The Day is fast approaching, and life around here feels surreal. So much is focused on The Wedding that it’s hard (for me) to remember anything else, and I find myself surprised that the living room floor still needs vacuuming and dinnertime continues to arrive each night. Life goes on, even from within the wedding machine.
The boys are feeling the strain. They’re facing down the barrel of a major life change, and it’s starting to show in their behavior. How do children display their feelings of insecurity and doubt?
That’s right, by being obnoxious.
They’ve been at each other’s throats, raising sniping and picking and annoying to a whole new level. Tre pulls “superior older brother” attitude on both littler boys and actually ROLLED HIS EYES at me yesterday. Max is by turns dismissive and irritating to the people around him and crawling on my lap, speaking in baby talk. Raphael, who just doesn’t understand about 88% of what’s happening, is ENRAGED by most things that occur in his day. And because I’m the Mama, and I hold their hearts in my engagement-ring-decked-hand, they surround me with their angst. By the end of the day I feel crowded in upon and weary with the efforts to encourage them to be nice. Just Be Nice.
But they are little boys, suffering from uncertainty and hope. And they’re doing the best they can.
Someone told me recently to reassure the boys that I will always love them, that I will not leave them. Ok, I thought, fine. I’ll do that, but I’m pretty sure they know.
When I tucked Max in that night I whispered to him,
“You know I will ALWAYS love you. You will ALWAYS be my boy, and I will NEVER leave you. Nothing can change that.”
He nodded in the dark and threw his arms around my neck for a wordless, tight hug. Then he squirmed away. Complex child that he is, I couldn’t tell how that hit him.
Next I sat on Raphi’s bed and smoothed his hair back.
“I will ALWAYS love you. I will ALWAYS be here. You are my boy and you are precious to me.”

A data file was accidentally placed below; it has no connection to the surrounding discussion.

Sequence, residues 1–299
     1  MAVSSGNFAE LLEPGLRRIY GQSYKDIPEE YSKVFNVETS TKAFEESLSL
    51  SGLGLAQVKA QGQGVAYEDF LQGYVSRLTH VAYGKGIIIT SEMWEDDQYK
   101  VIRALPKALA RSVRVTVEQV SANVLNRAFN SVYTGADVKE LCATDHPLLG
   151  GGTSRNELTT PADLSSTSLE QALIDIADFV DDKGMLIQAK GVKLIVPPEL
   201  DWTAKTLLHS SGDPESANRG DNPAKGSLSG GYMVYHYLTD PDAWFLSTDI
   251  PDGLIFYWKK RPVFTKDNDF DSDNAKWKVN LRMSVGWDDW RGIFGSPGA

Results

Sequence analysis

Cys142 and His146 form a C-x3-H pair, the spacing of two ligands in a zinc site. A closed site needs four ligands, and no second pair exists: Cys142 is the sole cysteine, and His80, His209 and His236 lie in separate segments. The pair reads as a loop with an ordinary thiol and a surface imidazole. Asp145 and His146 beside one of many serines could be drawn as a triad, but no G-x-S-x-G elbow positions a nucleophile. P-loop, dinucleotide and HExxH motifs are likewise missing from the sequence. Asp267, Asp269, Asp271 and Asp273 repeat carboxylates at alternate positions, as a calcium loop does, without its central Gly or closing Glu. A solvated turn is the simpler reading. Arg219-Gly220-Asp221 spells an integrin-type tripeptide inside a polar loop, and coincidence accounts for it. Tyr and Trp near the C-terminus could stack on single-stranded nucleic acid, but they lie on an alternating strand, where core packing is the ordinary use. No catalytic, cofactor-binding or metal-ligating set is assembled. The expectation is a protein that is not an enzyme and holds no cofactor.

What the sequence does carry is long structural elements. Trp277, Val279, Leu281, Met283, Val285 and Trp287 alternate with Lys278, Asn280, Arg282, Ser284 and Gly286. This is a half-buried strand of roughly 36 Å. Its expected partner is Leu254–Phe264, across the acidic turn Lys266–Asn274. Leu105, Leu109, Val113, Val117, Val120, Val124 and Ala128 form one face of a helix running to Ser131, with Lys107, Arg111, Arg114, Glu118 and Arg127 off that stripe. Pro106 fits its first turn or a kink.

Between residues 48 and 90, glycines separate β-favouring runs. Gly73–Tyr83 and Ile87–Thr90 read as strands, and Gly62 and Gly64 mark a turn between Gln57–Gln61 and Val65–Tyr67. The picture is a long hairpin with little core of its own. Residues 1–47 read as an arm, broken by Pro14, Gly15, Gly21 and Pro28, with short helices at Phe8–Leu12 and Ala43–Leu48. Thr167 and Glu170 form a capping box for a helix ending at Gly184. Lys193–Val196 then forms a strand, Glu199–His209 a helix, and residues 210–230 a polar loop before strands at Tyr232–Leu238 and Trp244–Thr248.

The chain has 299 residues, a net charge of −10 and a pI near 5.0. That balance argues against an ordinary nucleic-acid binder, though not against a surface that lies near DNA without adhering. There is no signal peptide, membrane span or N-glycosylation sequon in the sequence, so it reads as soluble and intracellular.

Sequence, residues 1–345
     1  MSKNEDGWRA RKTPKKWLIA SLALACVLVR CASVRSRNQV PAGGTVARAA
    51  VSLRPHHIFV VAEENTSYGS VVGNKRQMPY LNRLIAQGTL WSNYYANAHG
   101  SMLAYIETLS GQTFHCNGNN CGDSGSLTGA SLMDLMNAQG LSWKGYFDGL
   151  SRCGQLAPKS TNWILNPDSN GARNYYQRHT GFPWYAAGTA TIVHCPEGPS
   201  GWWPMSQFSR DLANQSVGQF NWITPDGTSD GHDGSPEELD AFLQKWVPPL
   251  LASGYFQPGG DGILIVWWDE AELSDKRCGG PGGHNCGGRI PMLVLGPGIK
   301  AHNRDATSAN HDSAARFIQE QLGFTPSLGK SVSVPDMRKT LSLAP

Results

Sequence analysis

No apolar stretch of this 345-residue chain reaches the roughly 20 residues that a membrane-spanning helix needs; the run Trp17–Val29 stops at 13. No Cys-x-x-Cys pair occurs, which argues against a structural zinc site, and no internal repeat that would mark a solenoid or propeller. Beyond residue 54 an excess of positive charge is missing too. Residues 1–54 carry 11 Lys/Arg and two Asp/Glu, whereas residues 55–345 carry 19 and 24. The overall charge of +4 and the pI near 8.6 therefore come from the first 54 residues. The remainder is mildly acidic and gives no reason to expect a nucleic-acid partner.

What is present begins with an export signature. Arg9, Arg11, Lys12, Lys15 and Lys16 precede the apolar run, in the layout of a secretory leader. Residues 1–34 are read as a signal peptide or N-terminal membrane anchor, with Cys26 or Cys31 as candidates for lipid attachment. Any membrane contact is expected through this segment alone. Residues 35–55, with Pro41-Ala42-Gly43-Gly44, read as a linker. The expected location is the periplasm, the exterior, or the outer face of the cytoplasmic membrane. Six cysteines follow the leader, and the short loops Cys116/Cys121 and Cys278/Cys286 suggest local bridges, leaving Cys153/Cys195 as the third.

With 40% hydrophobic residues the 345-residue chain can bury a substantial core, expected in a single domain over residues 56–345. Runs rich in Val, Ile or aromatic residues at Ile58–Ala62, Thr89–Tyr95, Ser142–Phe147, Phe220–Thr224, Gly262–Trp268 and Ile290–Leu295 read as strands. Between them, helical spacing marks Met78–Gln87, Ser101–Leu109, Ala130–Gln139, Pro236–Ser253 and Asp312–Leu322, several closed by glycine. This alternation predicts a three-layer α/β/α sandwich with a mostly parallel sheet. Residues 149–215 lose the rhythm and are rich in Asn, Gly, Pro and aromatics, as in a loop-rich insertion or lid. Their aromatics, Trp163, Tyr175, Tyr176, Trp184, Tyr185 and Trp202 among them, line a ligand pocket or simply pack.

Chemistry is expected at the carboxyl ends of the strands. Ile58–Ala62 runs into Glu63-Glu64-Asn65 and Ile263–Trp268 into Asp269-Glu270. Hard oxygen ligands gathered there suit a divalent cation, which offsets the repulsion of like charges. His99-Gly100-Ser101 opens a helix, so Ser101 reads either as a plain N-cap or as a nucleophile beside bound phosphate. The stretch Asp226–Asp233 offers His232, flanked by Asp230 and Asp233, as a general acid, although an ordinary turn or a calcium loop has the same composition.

“Mama? Can I have a car?” he asked seriously.
“No, honey. But I DO love you.” He grinned back and flopped over on his side, thereby announcing that he was done talking. Ok. He seems to be fine. I knew they already knew this.
I went on to Tre’s room. He was sitting up in bed, immersed in a book, fiddling with a lump of silly putty on his knee. He looked up when I came in and threw out his arms for the obligatory good night hug.
“Good night, honey. Listen, I know you know this, but I want to tell you something. A lot of things are changing around here, but I want you to know some things never change. I will always love you. I will always be here. I will never leave you.”
He smiled hard and nodded back. His eyes reddened and glazed with tears, but he shrugged and said,
“Oh, I know.”
Stoic child that he is, he would prefer I pull out his toenails than talk about feelings. I looked at him for a moment, wondering if I should push the subject. He yawned showily and said,
“Ok, Mom, good night then.” I nodded and hugged him.
“Good night, honey.”
I stepped out into the hall and stood for a moment, shaken by how intensely Tre reacted to my words.
He needed to hear it.
I needed to say it.
In the night Raphael slipped out of his bed and into mine. I awoke to his hand collecting strands of hair off my cheek.
“Mama?” he whispered, “I will always be your boy an’ you will always love me.”
I pulled him close and said yes, yes, always.
As the countdown drums faster, my boys draw nearer. I wrap my arms as far around them as I can, and I say, Ok guys. Let’s go.